2. Neutrality In order to be an arbitrator, applicants must meet the AAA’s high standards of neutrality. These standards include “freedom from bias” and an ability to “evaluate legal principles”. Most specifically, arbitrators “cannot be an active advocate for labor or for management.”  Doesn’t his current status as the Commissioner of Education, a leader in the education reform movement in New York State, and his past status as founder of the UncommonSchools  network of charter schools (a charter network that hires non-unionized teachers) clearly demonstrate that he is not free from bias? Our union leadership does not seem to think so.

Let’s take a moment to examine whether or not Dr. King is an “advocate for management with regard to this matter.  He was the Deputy Commissioner of Education when the system was negotiated and debated (and ultimately ratified) by the state’s legislature in 2010. He has written all of the regulations and guidelines around the creation and implementation of this system as it will exist in the state’s 694 school districts. He has had the singular power to approve or deny the teacher evaluation agreements that have been reached between school districts and their union. And let us not forget that Dr. King was the one who insisted that a teacher not be able to earn an effective rating on the new system unless his or her students perform well on standardized tests (a system that has led to the outcry of how forty (the amount that objective measures will be worth) will equal one-hundred percent of a teacher’s rating (see here)).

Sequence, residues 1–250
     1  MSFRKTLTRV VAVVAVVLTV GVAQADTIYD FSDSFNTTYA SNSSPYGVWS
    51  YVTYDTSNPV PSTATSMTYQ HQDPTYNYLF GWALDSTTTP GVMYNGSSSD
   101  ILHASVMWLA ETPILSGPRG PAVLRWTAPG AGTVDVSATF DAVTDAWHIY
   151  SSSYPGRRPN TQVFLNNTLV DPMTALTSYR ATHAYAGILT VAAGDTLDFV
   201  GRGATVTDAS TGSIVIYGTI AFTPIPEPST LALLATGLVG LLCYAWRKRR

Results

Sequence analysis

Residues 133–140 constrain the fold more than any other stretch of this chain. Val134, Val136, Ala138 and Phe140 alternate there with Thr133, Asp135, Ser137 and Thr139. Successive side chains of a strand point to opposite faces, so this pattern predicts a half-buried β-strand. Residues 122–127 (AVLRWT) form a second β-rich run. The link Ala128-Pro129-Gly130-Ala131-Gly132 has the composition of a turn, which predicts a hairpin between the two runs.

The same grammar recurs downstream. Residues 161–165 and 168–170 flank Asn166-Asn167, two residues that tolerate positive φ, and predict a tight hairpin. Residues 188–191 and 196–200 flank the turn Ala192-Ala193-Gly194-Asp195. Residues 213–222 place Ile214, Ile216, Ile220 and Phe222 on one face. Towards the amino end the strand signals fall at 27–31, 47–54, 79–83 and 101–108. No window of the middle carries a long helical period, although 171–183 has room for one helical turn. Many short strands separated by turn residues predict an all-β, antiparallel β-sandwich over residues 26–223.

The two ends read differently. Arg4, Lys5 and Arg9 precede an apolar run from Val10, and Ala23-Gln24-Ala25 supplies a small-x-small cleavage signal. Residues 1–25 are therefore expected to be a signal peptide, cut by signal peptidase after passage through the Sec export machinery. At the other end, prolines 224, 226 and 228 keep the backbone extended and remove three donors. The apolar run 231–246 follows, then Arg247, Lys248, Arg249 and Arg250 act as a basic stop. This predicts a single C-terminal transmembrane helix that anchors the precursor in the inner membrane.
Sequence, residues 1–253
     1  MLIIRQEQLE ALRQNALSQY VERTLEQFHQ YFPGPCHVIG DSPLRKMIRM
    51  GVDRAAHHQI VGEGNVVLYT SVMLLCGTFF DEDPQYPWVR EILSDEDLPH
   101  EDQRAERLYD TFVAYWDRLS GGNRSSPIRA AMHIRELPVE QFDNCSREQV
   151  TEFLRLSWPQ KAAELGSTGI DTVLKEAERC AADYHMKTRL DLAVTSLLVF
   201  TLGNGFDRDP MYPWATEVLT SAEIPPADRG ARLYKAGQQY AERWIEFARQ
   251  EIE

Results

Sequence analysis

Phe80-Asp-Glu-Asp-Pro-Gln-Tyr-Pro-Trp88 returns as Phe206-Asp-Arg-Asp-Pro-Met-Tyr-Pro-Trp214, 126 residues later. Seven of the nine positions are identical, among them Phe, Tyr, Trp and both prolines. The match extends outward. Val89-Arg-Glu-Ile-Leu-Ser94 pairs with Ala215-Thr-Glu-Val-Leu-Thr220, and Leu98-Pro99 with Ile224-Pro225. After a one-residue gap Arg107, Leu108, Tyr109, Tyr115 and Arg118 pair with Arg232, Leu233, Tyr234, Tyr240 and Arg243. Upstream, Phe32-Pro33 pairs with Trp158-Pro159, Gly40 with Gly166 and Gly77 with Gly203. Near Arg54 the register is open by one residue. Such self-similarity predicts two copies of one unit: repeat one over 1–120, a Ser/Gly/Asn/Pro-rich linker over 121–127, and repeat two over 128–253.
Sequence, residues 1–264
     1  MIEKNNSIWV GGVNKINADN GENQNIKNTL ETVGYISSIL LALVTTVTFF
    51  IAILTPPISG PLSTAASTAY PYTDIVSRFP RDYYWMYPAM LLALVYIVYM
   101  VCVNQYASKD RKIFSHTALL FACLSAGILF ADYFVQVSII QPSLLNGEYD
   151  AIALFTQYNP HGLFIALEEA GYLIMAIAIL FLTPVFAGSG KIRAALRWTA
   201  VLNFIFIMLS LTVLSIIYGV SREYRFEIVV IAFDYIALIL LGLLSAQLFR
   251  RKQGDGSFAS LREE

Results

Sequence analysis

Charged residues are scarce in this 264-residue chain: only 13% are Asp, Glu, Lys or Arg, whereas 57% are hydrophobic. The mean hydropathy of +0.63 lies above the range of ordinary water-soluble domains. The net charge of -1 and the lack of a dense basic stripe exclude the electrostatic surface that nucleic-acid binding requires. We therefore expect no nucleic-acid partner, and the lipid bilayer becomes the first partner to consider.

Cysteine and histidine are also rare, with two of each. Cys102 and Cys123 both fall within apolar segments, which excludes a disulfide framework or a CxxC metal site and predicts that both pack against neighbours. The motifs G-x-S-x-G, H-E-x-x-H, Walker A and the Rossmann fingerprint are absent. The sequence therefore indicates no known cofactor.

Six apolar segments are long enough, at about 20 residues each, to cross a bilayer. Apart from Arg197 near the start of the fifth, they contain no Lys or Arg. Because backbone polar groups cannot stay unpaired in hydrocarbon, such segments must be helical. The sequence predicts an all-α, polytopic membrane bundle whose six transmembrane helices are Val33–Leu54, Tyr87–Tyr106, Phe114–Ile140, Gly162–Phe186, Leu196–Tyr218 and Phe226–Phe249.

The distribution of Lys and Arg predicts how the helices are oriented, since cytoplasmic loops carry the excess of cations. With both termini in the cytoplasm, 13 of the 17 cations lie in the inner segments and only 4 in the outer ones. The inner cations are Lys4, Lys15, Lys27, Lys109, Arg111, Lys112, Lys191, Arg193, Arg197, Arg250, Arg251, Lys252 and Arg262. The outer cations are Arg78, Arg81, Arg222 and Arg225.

What kind of union would attempt to convince their membership that the very person who has been responsible for creating, revising, approving and implementing this new evaluation system can possibly be a fair and independent arbitrator in a labor dispute?

Only the leadership of our union. Only the Unity Caucus.

Leaders of the Unity Caucus, in their zeal to accuse the Movement Of Rank and File Educators of not understanding the basic principles of collective bargaining, have failed to admit that arbitration itself hinges on the training, the experience and the non-bias of the person who is acting as the arbitrator of an issue. Why have they hidden this obvious truth? Only two possibilities can explain: 1. They do not know what fair and independent arbitration is. 2. They simply do not care.